The Luxury Leg: Part 2...Eastern Europe...
Trip Start Jun 19, 2008
29Trip End Oct 11, 2008
Map your own trip!
Show trip route
Where I stayed
1. We were grunted at by a large, buzz-cut man probably named Vlad when we tried to buy a toll road vignette at a Hungarian gas station.
2. We were nearly killed by crazy Hungarian drivers hurdling down streets packed with cars on all sides (not to mention the trams).
3. We found a parking spot, and apparently disturbed a crazy-looking Hungarian bum from his "bum nest" (Ryan's word, not mine).
4. We did NOT find our hotel. Instead, we wandered around an eerily deserted shopping mall that bore the address for the hotel. We walked up, down, and all around while passersby watched us suspiciously. This continued for about 20 minutes.
5. We walked right outside of the mall (to the street where we had been originally), looked left, and were practically slapped in the face by a huge Marriott sign. Oops.
6. We checked in and told the desk clerk that we had had a hard time finding the hotel. He looked at us quizzically and said in his thick Hungarian accent: "Hm...But we have ze beeg red carpet outside ze door..." Sure enough, a giant red Marriot carpet was plastered on the sidewalk outside the door. We have all felt smarter in our lives than we did at that moment.
7. While Mrs. Hayes and Ryan settled into the room, I went to look for the laundry room, took a very wrong turn somewhere, ended up locked in a staircase on the 11th floor, walked 11 flights of stairs, ended up back in the friggin shopping mall, and had to go by the desk clerk again, with no coat and obviously a little lost. The laundry room was right next door, and you guessed it, had a big sign on the door that said "Laundry Room."
BUT, we didn't let those mishaps (or the very cold and rainy weather) keep us down. We had a wonderful dinner with real Hungarian food and great Hungarian wine, and slept wonderfully in our huge Marriott apartment (complete with HBO!! Ryan and I watched movies in ENGLISH!). The next day brought more rain and clouds. To warm up, we went to Budapest's famous thermal baths -- a completely new and very bizzarre experience. After milling around the lobby and trying unsuccessfully to read Hungarian (a completely indecipherable and unpronounceable language), we entered Europe's largest bath house. I don't know about you, but I don't frequent bath houses. I prefer to bathe alone, but apparently, half of Budapest feels differently. Actually, everyone kept their suits on (thankfully). Ryan, Mrs. Hayes, and I milled around in many different pools of different temperatures, with various degrees of minerals and healing properties. We saw swirling pools, hot pools, cold pools, outdoor pools (surprisingly warm, despite the rain and chilly air), saunas as hot as one could stand, etc. We weren't quite surrounded by bronzed bathing beauties, but it was fun (and definitely a one-of-a-kind experience). Later that day, we explored St. Istvan's Basilica (another very pretty church complete with a mummified, bejeweled saint's fist). We had a relaxing dinner of pizza and pasta, and enjoyed our last night in Hungary.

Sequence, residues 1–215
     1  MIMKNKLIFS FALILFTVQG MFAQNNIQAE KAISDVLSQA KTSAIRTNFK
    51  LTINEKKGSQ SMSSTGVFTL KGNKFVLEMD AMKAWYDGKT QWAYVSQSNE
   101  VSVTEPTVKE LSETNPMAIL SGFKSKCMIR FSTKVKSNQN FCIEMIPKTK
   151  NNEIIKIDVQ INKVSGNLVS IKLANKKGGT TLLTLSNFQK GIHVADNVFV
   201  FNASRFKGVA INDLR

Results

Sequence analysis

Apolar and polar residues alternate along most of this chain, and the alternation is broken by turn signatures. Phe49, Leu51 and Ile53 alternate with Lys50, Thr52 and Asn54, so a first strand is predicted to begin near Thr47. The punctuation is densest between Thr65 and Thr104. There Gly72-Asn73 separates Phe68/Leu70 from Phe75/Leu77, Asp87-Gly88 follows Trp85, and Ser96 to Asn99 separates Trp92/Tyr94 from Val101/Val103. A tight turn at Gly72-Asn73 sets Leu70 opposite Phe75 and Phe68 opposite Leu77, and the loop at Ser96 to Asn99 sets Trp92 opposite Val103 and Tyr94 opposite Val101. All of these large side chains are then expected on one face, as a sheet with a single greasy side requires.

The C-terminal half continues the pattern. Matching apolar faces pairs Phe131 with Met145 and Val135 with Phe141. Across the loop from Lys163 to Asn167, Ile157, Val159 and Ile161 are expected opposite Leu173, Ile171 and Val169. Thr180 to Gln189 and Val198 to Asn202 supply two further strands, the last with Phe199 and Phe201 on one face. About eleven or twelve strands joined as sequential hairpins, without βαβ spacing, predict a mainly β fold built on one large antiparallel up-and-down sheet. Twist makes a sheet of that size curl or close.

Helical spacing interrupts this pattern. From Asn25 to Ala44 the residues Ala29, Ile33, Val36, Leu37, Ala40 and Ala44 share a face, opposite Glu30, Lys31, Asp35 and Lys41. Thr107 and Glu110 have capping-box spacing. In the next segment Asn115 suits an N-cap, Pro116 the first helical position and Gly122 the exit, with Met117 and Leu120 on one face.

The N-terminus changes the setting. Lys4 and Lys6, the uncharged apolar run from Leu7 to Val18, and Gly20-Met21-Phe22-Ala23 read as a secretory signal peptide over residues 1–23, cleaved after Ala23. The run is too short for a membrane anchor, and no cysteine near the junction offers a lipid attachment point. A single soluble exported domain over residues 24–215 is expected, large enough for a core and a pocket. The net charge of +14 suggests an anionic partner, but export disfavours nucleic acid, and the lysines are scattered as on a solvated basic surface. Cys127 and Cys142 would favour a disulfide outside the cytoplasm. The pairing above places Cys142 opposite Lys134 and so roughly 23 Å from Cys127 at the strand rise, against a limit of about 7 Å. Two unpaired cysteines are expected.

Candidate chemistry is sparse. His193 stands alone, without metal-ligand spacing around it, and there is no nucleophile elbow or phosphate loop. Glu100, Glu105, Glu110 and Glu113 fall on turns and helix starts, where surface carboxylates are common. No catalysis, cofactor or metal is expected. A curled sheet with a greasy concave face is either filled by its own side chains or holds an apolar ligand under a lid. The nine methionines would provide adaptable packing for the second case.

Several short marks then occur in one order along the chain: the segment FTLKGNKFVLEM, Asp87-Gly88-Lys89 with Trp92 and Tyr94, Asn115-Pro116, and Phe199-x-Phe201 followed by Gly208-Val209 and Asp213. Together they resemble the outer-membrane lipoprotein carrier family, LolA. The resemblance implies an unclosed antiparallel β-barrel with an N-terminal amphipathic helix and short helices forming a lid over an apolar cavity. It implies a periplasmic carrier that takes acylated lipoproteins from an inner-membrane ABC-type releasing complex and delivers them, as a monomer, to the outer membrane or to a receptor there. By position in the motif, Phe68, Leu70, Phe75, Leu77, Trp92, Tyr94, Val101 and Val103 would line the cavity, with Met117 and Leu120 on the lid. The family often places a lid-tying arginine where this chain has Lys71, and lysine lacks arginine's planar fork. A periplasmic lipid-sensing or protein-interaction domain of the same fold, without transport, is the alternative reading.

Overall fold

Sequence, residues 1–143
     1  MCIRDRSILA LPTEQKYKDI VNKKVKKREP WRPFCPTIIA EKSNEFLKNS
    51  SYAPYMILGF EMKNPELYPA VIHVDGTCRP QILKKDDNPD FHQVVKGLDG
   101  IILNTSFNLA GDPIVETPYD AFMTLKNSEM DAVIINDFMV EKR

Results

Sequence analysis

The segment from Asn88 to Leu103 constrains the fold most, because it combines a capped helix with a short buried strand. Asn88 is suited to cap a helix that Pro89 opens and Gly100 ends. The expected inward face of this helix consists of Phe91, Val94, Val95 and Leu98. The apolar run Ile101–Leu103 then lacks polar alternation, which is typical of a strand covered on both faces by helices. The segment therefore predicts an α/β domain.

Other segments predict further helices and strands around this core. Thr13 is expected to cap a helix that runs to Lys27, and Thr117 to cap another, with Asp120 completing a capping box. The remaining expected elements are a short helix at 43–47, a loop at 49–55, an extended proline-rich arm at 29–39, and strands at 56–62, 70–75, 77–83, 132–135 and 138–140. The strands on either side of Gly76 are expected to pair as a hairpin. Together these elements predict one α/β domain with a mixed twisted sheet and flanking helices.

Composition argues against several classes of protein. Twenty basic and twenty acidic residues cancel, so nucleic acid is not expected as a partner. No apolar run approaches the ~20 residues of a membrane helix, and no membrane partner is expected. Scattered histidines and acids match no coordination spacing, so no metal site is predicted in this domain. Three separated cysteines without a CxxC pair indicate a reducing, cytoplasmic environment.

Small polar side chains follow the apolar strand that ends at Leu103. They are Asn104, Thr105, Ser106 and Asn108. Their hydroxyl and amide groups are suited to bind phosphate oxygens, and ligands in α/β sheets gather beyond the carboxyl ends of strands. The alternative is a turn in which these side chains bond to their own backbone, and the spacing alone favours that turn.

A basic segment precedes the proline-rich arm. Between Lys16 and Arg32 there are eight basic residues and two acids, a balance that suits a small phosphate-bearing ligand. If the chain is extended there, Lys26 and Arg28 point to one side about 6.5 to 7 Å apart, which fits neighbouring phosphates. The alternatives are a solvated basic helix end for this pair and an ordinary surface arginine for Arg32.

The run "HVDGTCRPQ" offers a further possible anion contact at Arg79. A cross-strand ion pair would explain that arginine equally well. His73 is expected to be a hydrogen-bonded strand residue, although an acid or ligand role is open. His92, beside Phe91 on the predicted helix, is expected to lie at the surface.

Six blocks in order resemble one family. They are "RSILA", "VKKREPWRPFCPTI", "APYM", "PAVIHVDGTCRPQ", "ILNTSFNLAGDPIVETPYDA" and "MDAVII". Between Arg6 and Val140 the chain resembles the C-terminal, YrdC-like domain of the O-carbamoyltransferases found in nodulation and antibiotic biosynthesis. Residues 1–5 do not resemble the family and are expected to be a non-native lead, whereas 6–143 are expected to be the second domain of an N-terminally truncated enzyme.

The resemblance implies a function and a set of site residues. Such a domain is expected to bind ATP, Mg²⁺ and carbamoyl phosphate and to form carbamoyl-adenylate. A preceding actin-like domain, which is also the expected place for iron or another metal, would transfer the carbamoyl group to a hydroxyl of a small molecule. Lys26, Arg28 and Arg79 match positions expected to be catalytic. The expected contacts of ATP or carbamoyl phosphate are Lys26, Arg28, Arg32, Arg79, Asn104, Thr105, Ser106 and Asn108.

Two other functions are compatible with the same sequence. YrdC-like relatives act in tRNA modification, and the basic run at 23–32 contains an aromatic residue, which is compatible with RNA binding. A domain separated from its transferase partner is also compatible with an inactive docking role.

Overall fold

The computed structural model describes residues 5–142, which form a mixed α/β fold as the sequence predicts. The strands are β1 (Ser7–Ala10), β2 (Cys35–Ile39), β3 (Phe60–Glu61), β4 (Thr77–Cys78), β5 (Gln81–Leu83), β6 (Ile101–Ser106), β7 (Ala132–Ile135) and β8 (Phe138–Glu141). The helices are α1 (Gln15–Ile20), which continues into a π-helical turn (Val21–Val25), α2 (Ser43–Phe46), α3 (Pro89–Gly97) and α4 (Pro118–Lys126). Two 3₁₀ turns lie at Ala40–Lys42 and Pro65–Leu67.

The next day, we headed to Bratislava, Slovakia. Just the mention of this place conjures images from the movie Eurotrip. If you haven't seen it, it is a hilarious movie and you should rent it. Basically, here is the scene set by the movie: concrete Soviet-era apartments, dog with severed hand in its mouth, man bathing in his front lawn, etc. When one of the characters asks a local if a train is coming soon, he answers, "Oh yes. Very soon. They are building it now!" This is not too far off the mark. Our first sight of Bratislava from the highway was... rows upon rows of depressingly gray and uniform "apartment buildings," though they looked more like jails or barracks. The freezing, rainy weather did not help, I'm sure. The center of the city does, thankfully, have a few pretty, old buildings, but a gray, Soviet-era cloud lingers over the area. We spent one day driving around tiny villages with Mrs. Hayes as she successfully tracked down her Slovak roots (in the form of a stocky, adorable, only Slovak-speaking babka named Ludmilla who gave Mrs. Hayes hugs and kisses and gave us homemade pastries and a huge bag of apples from her back yard). The most notable things about Bratislava were the delicious authentic Slovak meals that we enjoyed there. Of course, we saw a couple (surprise! haha) churches while we were there, but the food was definitely the highlight of our stint in Bratislava. Yum.
Now, we are in Prague, which is architecturally gorgeous and very vibrant, but we will wait until we have experienced more of the city before we write about it. More soon! I cannot even begin to say goodbye in Hungarian, Slovak, or Czech, so I'll just stick with plain old BYE for now!